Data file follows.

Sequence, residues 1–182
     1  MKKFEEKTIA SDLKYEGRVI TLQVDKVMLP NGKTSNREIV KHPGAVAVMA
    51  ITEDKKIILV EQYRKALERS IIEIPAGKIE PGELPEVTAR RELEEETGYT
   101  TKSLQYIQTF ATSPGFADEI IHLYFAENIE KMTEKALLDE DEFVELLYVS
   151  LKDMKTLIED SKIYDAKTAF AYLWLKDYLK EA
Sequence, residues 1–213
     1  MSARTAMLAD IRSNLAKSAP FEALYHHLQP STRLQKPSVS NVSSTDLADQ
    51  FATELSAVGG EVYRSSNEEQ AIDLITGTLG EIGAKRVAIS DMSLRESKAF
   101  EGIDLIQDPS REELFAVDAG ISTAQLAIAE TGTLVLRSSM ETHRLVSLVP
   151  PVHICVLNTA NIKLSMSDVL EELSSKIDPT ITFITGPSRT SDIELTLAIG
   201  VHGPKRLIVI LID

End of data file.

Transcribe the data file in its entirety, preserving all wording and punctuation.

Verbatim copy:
Sequence, residues 1–182
     1  MKKFEEKTIA SDLKYEGRVI TLQVDKVMLP NGKTSNREIV KHPGAVAVMA
    51  ITEDKKIILV EQYRKALERS IIEIPAGKIE PGELPEVTAR RELEEETGYT
   101  TKSLQYIQTF ATSPGFADEI IHLYFAENIE KMTEKALLDE DEFVELLYVS
   151  LKDMKTLIED SKIYDAKTAF AYLWLKDYLK EA
Sequence, residues 1–213
     1  MSARTAMLAD IRSNLAKSAP FEALYHHLQP STRLQKPSVS NVSSTDLADQ
    51  FATELSAVGG EVYRSSNEEQ AIDLITGTLG EIGAKRVAIS DMSLRESKAF
   101  EGIDLIQDPS REELFAVDAG ISTAQLAIAE TGTLVLRSSM ETHRLVSLVP
   151  PVHICVLNTA NIKLSMSDVL EELSSKIDPT ITFITGPSRT SDIELTLAIG
   201  VHGPKRLIVI LID